Mom Resy Benoza said she saw better eye-hand coordination on her son who could dribble a ball without losing his balance. He learned how to dribble, doing it inside the house and even the bedroom just to show off.

Day 4 and 5, Passes. We taught the boys three kinds of passes: overhead pass, bounce pass and chest pass. We were amazed when the CWAs picked-up the skills and even memorized them.

Day 6 and 7, Techniques on Shooting.

Paul, who was fixated on basketball, immediately practiced his fine shooting skills on the first meeting. We trained him with drills.

“Paul was five years old when he started to watch the PBA, NBA and the re-runs of the UAAP basketball. ASP Diliman’s summer basketball activity was perfect for him and his peers. Paul learned to play with other kids. Because of his intense desire to shoot the ball and regular practice, his shoulder muscles developed and grew strong. Paul was awarded the medal “Shooting King!” It definitely made my heart soar!” said mom Odette Goze Day 8 and 9, Basic Defense. The kids were divided into pairs. It naturally followed that if one is doing defense, then the other is doing offense.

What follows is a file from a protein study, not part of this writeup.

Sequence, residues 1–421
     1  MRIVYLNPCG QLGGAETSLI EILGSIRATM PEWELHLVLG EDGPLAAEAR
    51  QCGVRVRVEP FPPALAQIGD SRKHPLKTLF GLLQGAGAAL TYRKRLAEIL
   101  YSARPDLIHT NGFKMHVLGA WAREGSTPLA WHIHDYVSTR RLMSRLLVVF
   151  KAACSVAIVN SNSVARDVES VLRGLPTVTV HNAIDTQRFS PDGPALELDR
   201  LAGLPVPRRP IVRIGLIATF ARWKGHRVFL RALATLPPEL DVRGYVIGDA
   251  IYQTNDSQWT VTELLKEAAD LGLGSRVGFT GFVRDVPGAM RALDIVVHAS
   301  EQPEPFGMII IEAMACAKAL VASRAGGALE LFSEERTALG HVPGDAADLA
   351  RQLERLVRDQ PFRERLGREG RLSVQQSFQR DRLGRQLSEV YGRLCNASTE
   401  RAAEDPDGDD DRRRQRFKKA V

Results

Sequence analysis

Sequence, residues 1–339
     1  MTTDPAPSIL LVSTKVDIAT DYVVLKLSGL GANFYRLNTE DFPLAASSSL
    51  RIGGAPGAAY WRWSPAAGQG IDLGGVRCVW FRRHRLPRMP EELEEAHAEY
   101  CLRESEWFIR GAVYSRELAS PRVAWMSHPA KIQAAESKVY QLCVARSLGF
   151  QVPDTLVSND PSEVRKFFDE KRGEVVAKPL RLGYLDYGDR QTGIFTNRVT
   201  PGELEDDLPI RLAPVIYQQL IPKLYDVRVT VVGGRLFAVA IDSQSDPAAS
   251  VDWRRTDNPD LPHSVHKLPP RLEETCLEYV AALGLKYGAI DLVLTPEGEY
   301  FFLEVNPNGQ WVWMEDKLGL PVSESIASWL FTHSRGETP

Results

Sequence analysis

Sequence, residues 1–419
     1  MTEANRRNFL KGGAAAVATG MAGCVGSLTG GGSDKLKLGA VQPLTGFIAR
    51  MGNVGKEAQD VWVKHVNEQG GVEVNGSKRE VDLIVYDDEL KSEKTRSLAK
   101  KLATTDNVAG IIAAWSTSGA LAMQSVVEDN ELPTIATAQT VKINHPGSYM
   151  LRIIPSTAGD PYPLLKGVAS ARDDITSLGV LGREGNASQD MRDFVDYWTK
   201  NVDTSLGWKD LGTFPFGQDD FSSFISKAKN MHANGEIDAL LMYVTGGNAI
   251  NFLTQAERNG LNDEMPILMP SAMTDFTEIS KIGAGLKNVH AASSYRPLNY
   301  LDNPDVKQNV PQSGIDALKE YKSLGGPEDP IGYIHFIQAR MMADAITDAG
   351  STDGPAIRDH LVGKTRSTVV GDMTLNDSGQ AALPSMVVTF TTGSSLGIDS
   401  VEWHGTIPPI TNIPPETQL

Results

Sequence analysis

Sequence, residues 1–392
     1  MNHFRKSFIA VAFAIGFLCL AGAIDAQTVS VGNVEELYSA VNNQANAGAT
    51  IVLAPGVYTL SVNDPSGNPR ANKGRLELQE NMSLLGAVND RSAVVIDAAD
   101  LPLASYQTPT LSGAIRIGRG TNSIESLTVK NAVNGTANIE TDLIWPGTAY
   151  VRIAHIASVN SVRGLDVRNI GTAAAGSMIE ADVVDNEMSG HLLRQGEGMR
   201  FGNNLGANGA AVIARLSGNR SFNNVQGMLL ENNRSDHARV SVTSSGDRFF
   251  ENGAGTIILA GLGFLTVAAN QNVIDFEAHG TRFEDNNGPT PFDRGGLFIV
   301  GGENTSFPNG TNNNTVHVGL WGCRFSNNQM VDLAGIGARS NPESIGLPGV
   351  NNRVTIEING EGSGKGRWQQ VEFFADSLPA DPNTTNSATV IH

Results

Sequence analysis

The first lessons were always the hardest. We would demonstrate a particular skill and guide them to do it. Constant practice made perfect. The boys joyfully discovered their bodily capabilities.

The warm-up exercises and running around the court were rituals they grew to like. It broke the ice among the boys and us.

We structured the drills like a two-hour kindergarten class. There was a circle time (9:00-9:15) for the warm-up exercises. The boys shouted out their numbers (9:15-9:30) running around the court/jogging; (9:30-9:50) stretching exercises; (9:50-10:10) drills followed by a 10 minute break.

Drills, lesson proper, and practices (10:20-10:50). Twenty minutes before class ended was cooling down time. (10:50-11:00). We ended each schedule with circle time, put our hands together as a team, then say prayers. We taught the boys to greet each other with a high five and give the Team Shout!

And lastly, Mastery of Skills. For the 13 sessions, we divided the skills into two days each, from the simplest to the most complex. We taught them mastery for one skill before moving on to the next. We simplified the activities and aimed for mastery first before team play.

We personally exerted extra patience in dealing with them. We took it one skill at a time. We would lecture briefly on each skill before introducing it. From then on, it was their turn for demonstration.